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JAMA Patient Page
November 6, 2013

Low Testosterone

JAMA. 2013;310(17):1872. doi:10.1001/jama.2013.280724

You may have seen advertisements for treating low testosterone, or “low T.”

Testosterone is an androgen, or male hormone. It is responsible for most male sexual characteristics. Testosterone is produced in the testicles and regulated by glands in the brain. Low testosterone, or hypogonadism, can result from a problem either in the testicles or in the brain. Doctors can treat low testosterone with a gel, patch, injection, or tablet that sticks onto the gums.

Diagnosis of Low Testosterone

Many of the signs and symptoms of low testosterone are vague. Some may develop over time. They can include

  • loss of interest in sex

  • difficulty getting an erection

  • fertility problems

  • tiredness and lack of energy

  • depression

  • loss of bone density, leading to brittle bones

  • muscle weakness

  • loss of body hair

Because these symptoms can have many causes, a blood test is necessary for the diagnosis. A blood sample is obtained in the morning, when testosterone levels are highest. The results must show low serum testosterone levels on 2 different mornings for a diagnosis of low testosterone.

Reasons for Low Testosterone

Like women, men experience a decrease in sex hormone levels as they age. This is a normal process, sometimes called male menopause or androgen deficiency in the aging male (ADAM).

Men with certain chronic conditions are more likely to have low testosterone. Some of these conditions get worse with age. They include type 2 diabetes, abnormal cholesterol levels, chronic lung disease, and HIV/AIDS. Other reasons for low testosterone include medications, other hormone disorders, and genetic conditions.

Treatment

If you have low testosterone, treatment can help your symptoms. Recent studies found that it helped with sexual function and depression. However, there are some risks to treatment. Short-term risks of androgen replacement therapy include

  • prostate enlargement

  • prostate cancer

  • heart disease

  • shrunken testicles

  • acne

  • lowered sperm count or sterility

  • blood clots in legs

So far, researchers do not have a lot of information about the long-term risks of treatment. In a recent study, men aged 65 years or older with mobility problems and low testosterone levels were divided into 2 groups. One group received a testosterone gel and the other did not. The treatment group showed improved strength and mobility, but they also had more heart and blood vessel problems. Researchers discontinued the study early because of these risks.

A new study involving many countries will look at long-term health risks in men using androgen replacement therapy for low testosterone. Researchers are especially interested in whether treatment increases the risk of prostate cancer.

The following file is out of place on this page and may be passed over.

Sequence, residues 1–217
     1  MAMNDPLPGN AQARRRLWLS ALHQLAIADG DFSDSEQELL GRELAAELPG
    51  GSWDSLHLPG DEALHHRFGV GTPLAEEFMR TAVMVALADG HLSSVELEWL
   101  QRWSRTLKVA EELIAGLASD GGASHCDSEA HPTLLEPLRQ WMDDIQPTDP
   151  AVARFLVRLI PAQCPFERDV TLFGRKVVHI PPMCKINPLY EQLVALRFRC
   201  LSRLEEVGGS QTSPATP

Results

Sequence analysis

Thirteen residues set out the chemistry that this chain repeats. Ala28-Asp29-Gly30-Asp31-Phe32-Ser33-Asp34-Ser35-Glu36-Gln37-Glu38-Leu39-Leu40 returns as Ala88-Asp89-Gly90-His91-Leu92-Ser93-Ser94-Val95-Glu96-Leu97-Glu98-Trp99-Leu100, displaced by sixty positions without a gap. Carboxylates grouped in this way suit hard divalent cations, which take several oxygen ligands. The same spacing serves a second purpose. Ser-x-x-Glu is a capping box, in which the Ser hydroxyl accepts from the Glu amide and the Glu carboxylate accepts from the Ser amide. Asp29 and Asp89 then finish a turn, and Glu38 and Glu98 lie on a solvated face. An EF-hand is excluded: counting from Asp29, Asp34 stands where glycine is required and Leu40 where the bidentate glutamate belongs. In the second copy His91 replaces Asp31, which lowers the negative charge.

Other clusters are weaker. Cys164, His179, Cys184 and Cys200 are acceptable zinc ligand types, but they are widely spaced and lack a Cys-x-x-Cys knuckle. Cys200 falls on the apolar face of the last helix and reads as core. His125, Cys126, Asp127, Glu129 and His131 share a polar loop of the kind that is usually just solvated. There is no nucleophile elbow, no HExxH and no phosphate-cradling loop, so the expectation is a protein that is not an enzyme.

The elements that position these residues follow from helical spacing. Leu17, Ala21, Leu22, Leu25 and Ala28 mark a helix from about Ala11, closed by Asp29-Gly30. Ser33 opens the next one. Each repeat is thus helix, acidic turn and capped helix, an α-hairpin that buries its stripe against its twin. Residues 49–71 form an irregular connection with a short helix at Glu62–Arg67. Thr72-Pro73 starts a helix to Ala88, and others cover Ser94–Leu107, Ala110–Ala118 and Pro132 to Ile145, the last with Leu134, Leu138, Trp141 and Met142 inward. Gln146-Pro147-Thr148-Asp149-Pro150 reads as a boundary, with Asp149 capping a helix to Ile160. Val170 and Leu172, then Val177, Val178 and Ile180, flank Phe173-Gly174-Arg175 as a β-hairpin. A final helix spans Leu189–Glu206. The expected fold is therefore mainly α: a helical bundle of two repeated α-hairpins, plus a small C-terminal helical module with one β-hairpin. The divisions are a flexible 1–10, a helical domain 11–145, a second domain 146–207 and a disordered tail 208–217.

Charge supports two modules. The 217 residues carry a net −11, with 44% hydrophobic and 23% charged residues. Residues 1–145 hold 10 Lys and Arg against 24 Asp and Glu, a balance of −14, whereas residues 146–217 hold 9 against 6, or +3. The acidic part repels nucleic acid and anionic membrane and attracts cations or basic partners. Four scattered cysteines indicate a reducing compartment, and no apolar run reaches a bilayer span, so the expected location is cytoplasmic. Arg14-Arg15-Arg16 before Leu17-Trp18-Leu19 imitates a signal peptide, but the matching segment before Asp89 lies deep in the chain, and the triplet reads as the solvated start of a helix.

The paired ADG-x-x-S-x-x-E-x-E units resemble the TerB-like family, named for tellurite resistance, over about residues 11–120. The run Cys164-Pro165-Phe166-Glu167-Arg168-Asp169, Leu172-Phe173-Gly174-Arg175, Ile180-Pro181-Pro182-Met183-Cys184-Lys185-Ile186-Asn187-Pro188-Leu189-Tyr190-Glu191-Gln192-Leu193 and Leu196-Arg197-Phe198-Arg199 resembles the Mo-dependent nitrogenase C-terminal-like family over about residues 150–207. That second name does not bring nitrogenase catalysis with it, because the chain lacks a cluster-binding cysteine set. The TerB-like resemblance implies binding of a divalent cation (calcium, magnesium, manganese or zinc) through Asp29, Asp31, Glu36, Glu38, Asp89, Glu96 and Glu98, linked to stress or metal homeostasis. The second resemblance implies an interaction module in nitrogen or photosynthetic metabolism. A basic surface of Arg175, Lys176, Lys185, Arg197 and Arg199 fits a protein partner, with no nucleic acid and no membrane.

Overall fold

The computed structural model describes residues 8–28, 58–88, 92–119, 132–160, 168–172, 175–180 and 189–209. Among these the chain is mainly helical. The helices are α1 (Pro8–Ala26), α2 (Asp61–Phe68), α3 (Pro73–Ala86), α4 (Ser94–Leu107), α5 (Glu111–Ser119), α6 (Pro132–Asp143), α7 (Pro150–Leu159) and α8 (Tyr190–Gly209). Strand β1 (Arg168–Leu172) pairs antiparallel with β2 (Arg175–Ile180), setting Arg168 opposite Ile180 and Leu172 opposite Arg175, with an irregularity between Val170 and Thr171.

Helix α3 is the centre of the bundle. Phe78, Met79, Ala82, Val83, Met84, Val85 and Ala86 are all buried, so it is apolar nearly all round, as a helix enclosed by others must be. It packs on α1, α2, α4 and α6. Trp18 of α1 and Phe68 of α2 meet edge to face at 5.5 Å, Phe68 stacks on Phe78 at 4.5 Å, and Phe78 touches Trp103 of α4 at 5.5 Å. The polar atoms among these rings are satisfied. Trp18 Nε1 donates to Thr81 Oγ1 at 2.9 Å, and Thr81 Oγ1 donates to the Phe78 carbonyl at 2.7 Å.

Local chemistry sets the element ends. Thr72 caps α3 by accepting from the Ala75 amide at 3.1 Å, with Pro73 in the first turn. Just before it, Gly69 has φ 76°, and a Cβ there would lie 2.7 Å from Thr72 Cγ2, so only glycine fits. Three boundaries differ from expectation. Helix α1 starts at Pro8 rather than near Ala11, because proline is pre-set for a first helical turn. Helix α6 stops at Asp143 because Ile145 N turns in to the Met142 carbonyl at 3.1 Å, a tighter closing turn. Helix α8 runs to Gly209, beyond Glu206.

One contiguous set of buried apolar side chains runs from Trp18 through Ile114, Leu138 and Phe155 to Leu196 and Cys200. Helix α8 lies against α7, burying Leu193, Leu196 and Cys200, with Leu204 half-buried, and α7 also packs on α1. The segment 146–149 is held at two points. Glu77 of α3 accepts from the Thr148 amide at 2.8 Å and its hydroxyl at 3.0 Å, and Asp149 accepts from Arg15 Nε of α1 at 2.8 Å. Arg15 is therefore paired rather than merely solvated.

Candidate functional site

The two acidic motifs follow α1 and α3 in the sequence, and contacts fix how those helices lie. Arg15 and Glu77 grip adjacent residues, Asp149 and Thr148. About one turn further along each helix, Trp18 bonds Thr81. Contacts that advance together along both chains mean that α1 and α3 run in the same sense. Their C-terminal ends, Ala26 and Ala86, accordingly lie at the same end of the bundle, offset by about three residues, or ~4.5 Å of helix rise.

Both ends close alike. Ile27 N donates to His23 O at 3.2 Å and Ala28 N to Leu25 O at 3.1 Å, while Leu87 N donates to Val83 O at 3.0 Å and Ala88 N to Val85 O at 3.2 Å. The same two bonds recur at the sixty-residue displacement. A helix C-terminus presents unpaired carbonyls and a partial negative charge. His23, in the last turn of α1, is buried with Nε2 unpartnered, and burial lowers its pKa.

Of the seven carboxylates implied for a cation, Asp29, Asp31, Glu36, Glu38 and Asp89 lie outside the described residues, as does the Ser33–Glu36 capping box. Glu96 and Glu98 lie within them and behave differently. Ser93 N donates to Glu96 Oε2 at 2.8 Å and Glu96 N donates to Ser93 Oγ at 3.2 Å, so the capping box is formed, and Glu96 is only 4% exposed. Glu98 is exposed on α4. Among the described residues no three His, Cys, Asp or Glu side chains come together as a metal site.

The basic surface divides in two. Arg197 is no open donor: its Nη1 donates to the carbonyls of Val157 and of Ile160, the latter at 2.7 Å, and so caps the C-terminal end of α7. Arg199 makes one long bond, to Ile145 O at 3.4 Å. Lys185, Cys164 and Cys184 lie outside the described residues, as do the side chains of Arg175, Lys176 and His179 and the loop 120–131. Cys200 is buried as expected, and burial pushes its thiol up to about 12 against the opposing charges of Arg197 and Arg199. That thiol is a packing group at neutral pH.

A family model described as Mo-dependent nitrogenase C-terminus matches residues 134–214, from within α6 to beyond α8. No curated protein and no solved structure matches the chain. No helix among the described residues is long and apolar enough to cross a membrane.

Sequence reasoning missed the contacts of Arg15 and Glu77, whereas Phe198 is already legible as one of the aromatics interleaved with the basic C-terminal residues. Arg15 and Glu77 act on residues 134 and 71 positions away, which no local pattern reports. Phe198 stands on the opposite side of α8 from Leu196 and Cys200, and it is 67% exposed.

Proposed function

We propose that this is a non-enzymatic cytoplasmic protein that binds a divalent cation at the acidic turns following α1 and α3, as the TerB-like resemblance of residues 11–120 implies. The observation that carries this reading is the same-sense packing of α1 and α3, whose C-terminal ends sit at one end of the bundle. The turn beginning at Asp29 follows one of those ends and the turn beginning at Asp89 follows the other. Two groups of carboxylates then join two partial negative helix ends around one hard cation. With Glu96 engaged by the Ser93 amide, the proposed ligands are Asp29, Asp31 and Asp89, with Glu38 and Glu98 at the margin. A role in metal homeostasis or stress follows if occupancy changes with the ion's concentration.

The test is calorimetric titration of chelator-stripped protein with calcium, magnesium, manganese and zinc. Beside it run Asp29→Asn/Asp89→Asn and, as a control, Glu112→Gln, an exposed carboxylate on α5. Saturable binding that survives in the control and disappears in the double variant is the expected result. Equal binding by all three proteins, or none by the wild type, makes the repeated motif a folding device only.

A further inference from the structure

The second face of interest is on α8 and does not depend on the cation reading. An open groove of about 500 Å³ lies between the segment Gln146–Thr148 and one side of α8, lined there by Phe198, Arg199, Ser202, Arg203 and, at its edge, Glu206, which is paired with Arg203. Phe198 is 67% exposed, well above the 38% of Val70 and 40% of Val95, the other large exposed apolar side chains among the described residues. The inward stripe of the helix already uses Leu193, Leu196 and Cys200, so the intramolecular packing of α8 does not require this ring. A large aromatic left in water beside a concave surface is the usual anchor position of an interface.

Is Treatment Right for You?

The Endocrine Society recommends treatment for men who are diagnosed as having low testosterone based on both a blood test and symptoms. It says treatment can improve sexual function and sense of well-being, muscle mass and strength, and bone mineral density.

The Endocrine Society recommends against treatment for men with breast or prostate cancer, severe sleep apnea, poorly controlled heart failure, and some other risk factors.

Think carefully about using any long-term medication and discuss the pros and cons with your doctor. Lifestyle changes such as adding or increasing exercise, eating a healthier diet, and losing weight may help the symptoms of low testosterone without need for medication.

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For More Information

To find this and previous JAMA Patient Pages, go to the Patient Page link on JAMA’s website at jama.com.

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Article Information
The JAMA Patient Page is a public service of JAMA. The information and recommendations appearing on this page are appropriate in most instances, but they are not a substitute for medical diagnosis. For specific information concerning your personal medical condition, JAMA suggests that you consult your physician. This page may be photocopied noncommercially by physicians and other health care professionals to share with patients. To purchase bulk reprints, call 312/464-0776.

Conflict of Interest Disclosures: The author has completed and submitted the ICMJE Form for Disclosure of Potential Conflicts of Interest and none were reported.

Sources: Hormone Health Network, the Endocrine Society, National Library of Medicine

Basaria S, Coviello AD, Travison TG, et al. Adverse events associated with testosterone administration. N Engl J Med. 2010;363(2):109-122

Topic: Endocrine Diseases

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